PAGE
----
I do extensive work in Photoshop, and one reason I prefer to do as much as possible there is because 99% of my post-production on what I term a "Master File" is through adjustment layers. (From the Master File I can derive various sizes for print or monitor with appropriate sharpening for each size.)
Where ACR permanently bakes the changes into the final image file, adjustment layers and masks allow me to tweak or delete the adjsutments far into the future -- and that has come in handy many times.
On a serious image that's prepped for large-format printing, the final file size can be well over a gigabyte. (For a recent exhibition I printed 9 of the images at 40x50".)
For that reason, I don't want to store the post-production Master Files within the Lightroom catalog and file storage, which is already almost 4TB. I keep all the post-production image files on a separate (and separately backed up) hard drive.
Where ACR permanently bakes the changes into the final image file,
That is Completely False. Neither the Adobe Camera RAW pluging or the LR Built in version of that changes the original file. That is the point of ACR and RAW files. The RAW file is Never changed. Any edits you do to a RAW file is just Displayed Over the Top of the original file. That is also the reason for XMP sidecar files and for the simple fact that at any time you can Remove any edits you have ever done in ACR/LR to Stop Displaying those edits and be left with the exact same file you originally imported into LR (or opened in ACR plugin) and started working on.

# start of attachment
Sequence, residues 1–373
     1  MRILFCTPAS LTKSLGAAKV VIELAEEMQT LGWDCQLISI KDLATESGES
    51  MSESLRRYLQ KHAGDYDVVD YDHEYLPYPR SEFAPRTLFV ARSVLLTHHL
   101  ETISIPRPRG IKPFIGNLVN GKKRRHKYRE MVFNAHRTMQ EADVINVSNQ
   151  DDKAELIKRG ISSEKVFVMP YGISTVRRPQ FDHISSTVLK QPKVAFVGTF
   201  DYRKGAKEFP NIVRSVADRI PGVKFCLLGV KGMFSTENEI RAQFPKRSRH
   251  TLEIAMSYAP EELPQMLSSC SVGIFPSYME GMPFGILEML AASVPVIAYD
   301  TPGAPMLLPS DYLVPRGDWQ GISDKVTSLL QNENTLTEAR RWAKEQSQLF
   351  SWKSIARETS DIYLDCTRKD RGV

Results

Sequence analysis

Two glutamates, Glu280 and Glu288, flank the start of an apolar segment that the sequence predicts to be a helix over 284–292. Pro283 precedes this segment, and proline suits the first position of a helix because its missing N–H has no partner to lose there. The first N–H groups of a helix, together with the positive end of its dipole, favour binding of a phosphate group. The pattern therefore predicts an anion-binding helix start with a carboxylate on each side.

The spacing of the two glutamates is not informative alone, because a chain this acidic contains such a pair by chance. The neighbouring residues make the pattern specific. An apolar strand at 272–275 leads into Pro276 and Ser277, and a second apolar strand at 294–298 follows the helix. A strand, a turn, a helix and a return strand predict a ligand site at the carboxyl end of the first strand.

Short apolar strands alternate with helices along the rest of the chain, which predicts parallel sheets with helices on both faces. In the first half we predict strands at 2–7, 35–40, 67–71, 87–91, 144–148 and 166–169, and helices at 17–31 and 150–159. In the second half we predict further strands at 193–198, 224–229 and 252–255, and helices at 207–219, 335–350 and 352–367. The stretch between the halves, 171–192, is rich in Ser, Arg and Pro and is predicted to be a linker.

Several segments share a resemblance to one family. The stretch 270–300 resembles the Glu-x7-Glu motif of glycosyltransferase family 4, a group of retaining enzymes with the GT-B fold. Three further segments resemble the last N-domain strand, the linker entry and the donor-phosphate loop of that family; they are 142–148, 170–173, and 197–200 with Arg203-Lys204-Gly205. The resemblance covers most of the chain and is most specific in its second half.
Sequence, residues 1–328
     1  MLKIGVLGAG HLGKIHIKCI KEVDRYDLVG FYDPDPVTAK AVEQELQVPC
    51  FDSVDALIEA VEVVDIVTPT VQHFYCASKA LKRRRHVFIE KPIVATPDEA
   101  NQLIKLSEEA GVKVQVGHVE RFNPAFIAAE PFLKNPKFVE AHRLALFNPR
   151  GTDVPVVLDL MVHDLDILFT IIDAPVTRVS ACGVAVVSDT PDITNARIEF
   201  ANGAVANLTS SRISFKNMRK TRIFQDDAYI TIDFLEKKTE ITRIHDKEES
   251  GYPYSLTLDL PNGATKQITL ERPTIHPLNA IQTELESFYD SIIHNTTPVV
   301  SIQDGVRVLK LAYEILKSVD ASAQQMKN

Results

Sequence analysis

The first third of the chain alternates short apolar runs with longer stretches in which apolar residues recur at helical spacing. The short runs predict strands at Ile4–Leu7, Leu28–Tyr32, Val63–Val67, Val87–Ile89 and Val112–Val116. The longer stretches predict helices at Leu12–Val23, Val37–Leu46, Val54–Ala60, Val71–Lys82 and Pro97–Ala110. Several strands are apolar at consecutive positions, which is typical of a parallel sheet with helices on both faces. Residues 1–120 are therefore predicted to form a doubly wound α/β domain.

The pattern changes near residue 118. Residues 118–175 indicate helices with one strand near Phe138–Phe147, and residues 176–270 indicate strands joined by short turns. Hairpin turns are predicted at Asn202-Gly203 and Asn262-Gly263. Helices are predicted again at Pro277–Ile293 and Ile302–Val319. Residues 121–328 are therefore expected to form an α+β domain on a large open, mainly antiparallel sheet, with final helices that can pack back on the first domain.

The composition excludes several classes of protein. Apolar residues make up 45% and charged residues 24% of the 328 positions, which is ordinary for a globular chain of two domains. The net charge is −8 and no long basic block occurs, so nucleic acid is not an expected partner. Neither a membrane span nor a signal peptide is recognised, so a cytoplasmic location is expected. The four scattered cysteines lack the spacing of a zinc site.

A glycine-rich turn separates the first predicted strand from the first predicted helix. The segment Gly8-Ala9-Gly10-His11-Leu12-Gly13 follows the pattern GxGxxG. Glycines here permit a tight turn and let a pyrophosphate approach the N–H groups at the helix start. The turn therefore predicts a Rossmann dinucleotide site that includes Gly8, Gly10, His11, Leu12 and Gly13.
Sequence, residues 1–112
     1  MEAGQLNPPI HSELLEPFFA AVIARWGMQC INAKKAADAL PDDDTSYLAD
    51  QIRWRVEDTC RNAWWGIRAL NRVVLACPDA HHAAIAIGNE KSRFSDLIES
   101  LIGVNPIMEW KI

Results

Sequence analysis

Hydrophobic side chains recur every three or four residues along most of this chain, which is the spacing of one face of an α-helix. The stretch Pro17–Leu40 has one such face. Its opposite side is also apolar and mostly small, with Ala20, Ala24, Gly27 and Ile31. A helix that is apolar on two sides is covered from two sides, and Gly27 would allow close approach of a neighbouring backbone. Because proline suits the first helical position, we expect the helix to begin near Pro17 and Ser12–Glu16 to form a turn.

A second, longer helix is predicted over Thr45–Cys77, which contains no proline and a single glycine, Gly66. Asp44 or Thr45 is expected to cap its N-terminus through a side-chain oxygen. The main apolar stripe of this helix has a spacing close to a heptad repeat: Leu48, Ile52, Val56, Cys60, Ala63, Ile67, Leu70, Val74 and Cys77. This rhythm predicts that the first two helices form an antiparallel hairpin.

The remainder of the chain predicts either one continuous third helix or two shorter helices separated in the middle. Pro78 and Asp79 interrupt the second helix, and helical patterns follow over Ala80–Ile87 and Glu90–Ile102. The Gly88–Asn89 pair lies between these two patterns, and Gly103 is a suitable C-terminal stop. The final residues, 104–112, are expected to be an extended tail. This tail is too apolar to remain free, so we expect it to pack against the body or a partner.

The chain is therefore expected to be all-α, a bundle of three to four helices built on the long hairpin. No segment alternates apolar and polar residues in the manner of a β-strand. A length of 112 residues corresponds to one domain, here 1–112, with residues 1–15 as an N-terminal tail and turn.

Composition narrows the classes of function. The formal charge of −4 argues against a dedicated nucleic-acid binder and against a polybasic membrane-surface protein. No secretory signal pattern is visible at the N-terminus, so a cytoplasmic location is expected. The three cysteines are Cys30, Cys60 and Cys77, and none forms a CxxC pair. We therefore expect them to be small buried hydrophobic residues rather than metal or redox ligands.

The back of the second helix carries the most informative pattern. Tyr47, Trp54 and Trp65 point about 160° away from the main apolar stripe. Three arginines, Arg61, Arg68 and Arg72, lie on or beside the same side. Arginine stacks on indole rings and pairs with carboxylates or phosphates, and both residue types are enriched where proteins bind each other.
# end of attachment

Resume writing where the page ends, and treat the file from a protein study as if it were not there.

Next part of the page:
Once you either Send that RAW file to PS and Save it whatever edits you have done on the RAW file are Baked into the Saved PSD or TIF file.
Sure you can then use multiple layers for other adjustment but just as in LR and ACR none of those edits are actually burnt into the image until you Flatten all those layers and then Save it in a format that anyone can read without PS.
I never said the raw file is changed. I said that changes made by ACR to "the final image," the processed Master File that I create, cannot be tweaked later.
A Photoshop file lets me make adjustments to any of the many adjustment layers that I've added, even if I've made hundreds of changes. ACR is all or nothing.
You can include any accessible file within the Lightroom catalog regardless of what internal, external or network based storage it is stored on.